Gang victims beg for army interventionComment on this story
Cape Town - Victims of gang violence in Beacon Valley begged Helen Zille on Sunday to bring the army into the area.
Loudspeakers roused the community to march against gangs and drugs as Zille visited the families of a child and a mother killed on the same night last month. She was leading a DA elections campaign there on Sunday.
Gangsters blasted a gaping hole in Julaydia Matroos’s life when her daughter was shot dead on March 8.
Jucinta, 12, was on her way to buy spices from the corner shop when she was hit by a bullet meant for a rival gang member.
Matroos wept on Zille’s shoulder when the premier paid her a visit.
“It’s not just a politics thing. She cried in our house. She felt our pain with us,” said the distraught mother. “It’s a big privilege that she’s here… to come talk in our community.”
Matroos said she had always been a DA supporter. She later joined Zille on a march through the streets, demanding more police patrolling the area, an end to drug dealing and gang violence.
“We are scared to send our children to the shops. They can’t go play in the parks because gangsters do their business there.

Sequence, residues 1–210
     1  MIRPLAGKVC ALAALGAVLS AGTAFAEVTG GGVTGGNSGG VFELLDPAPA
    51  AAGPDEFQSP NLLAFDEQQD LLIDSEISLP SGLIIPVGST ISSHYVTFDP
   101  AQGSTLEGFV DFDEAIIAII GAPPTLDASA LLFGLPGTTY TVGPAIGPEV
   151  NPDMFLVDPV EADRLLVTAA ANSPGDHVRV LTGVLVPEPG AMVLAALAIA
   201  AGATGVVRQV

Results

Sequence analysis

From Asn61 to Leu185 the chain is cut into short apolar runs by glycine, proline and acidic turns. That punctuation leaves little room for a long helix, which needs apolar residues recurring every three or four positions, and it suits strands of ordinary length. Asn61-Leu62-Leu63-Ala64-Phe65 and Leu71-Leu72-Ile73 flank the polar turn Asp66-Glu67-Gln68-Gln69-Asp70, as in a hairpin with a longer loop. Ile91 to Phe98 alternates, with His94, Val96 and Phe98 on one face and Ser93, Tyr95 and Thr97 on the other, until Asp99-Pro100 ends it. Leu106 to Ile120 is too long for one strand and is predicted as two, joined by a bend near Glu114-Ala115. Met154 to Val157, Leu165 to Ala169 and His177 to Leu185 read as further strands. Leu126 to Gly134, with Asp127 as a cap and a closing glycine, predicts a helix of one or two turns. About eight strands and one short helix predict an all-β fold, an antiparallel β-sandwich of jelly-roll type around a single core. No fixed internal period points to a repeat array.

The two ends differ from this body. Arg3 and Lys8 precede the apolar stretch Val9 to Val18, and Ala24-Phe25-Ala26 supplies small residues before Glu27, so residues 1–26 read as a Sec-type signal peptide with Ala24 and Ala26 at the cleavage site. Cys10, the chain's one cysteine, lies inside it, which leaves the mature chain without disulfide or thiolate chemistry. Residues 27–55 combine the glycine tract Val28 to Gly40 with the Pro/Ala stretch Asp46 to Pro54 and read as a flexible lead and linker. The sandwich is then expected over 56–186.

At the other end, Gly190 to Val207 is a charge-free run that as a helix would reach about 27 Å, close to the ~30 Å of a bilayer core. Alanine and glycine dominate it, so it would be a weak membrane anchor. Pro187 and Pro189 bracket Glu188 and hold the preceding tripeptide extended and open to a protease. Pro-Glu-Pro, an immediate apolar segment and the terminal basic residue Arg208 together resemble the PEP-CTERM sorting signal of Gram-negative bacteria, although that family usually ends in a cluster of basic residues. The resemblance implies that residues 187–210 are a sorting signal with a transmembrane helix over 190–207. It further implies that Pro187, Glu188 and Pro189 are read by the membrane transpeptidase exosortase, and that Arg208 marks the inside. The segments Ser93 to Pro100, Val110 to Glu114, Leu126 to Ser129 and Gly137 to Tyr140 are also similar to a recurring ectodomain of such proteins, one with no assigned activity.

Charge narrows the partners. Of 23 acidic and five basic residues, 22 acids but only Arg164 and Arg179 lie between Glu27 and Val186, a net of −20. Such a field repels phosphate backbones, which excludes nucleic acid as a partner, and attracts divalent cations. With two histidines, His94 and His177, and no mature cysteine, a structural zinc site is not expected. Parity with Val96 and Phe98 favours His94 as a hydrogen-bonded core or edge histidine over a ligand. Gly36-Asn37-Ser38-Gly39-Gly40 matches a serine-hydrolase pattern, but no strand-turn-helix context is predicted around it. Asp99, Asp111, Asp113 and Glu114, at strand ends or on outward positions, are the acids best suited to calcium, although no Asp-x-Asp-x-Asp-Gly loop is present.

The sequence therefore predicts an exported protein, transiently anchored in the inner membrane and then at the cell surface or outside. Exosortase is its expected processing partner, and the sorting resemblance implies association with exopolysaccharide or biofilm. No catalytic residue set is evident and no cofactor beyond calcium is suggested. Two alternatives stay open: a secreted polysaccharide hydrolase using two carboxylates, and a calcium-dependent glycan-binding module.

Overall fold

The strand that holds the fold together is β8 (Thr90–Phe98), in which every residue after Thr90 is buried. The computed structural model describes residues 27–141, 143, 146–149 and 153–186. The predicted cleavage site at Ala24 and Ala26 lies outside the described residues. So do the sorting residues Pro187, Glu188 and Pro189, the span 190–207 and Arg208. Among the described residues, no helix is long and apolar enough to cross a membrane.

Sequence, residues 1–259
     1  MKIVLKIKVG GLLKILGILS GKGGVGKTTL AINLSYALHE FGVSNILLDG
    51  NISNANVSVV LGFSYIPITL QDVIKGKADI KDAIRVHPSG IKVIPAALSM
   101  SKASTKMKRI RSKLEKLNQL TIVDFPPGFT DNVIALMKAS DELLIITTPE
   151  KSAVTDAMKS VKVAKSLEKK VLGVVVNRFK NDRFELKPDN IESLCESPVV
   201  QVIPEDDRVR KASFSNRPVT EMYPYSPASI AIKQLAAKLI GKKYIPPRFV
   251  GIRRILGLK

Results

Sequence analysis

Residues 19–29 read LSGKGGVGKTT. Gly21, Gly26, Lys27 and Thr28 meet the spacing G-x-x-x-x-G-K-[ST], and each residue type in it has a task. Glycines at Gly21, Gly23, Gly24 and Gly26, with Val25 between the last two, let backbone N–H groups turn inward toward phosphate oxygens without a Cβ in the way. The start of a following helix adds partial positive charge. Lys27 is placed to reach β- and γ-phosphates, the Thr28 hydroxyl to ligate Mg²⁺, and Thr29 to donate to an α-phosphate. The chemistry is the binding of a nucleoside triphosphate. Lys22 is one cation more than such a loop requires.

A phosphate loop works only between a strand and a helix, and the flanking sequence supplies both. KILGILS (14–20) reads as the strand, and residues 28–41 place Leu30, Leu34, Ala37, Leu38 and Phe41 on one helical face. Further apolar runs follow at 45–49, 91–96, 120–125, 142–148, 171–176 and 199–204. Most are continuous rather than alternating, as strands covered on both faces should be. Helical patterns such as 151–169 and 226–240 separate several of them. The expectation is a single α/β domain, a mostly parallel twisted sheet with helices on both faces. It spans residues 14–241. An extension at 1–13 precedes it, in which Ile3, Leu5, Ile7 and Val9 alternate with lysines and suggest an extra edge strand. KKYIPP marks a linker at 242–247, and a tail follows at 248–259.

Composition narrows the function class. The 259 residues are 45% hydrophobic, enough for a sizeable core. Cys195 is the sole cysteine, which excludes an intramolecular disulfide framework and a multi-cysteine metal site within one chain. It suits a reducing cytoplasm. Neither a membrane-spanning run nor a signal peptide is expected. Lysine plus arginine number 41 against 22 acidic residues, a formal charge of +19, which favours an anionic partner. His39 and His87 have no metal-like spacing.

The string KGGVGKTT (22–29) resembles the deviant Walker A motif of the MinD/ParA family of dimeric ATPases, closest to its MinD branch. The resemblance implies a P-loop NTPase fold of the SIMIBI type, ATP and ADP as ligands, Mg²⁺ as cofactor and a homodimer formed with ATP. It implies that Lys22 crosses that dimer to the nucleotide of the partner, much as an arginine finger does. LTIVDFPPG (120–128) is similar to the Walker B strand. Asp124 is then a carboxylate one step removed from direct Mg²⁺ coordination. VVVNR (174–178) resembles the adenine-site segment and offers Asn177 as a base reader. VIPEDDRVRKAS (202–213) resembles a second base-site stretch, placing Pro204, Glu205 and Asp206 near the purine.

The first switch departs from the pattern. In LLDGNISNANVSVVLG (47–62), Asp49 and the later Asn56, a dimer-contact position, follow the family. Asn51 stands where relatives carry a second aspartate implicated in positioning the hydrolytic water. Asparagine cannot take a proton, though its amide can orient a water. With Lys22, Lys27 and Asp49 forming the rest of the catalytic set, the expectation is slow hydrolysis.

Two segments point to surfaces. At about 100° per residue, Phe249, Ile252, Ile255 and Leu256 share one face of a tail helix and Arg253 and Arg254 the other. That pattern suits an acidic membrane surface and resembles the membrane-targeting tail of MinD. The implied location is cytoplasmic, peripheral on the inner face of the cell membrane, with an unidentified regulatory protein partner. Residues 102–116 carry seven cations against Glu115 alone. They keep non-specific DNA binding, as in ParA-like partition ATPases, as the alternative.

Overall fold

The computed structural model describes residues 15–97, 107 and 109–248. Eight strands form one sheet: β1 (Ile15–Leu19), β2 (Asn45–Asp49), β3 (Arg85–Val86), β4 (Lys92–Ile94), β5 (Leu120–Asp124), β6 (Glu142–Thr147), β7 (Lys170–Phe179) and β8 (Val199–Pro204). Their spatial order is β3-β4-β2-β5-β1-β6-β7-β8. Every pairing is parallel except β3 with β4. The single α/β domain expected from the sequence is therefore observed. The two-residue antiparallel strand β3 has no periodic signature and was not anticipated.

“All I want is for the community to stand together. We are more than the gangsters if we stand together. But the community is too scared.”
Jucinta’s grandmother, Mary Goliath, implored Zille to bring in the army to protect children. “Jucinta’s death can save other children’s lives,” she said. “We need to protect children against this evil. We will never get Jucinta back, but we must do something to protect other children.”
Further down the same street in Elizabeth Joubert’s home, four children lost their mother on the same night that Matroos lost her child.
Joubert’s sister, Farieda April, was shot dead as she went to buy curry powder.
It is now up to Joubert to take care of her sister’s children - including three-month-old Shanti, whose name means “peace”.
“It was their mother’s wish that I take care of them,” Joubert said. “It’s important for children to be in a stable house.”
Zille borrowed a pen from journalists to take down Joubert’s details and arrange foster grants for the four primary school children who lost their mother only a month ago.
Then the march began in earnest as Zille rode through Beacon Valley atop a DA truck, blowing kisses to the crowd and leading chants of “no more drugs, no more shooting”.
A group of about 100 people followed her, while others leaned over fences or hooted their support from passing cars.
She handed a memorandum about the “crisis we’re facing with gangsterism and drugs” to Captain Steven Daniels at Mitchells Plain police station.
“We want the army here to quieten things down so that the police can concentrate on investigations,” Zille said. “We are determined to get the gangs and drugs units reinstated.”
No ANC members attended the event, but provincial leader Marius Fransman released a statement soon after saying Zille was abusing victims of gang violence.
“The DA is soft on drugs, gangs and the regular killings of our children,” Fransman said. “It abuses the suffering of our people for its own agenda and gains.”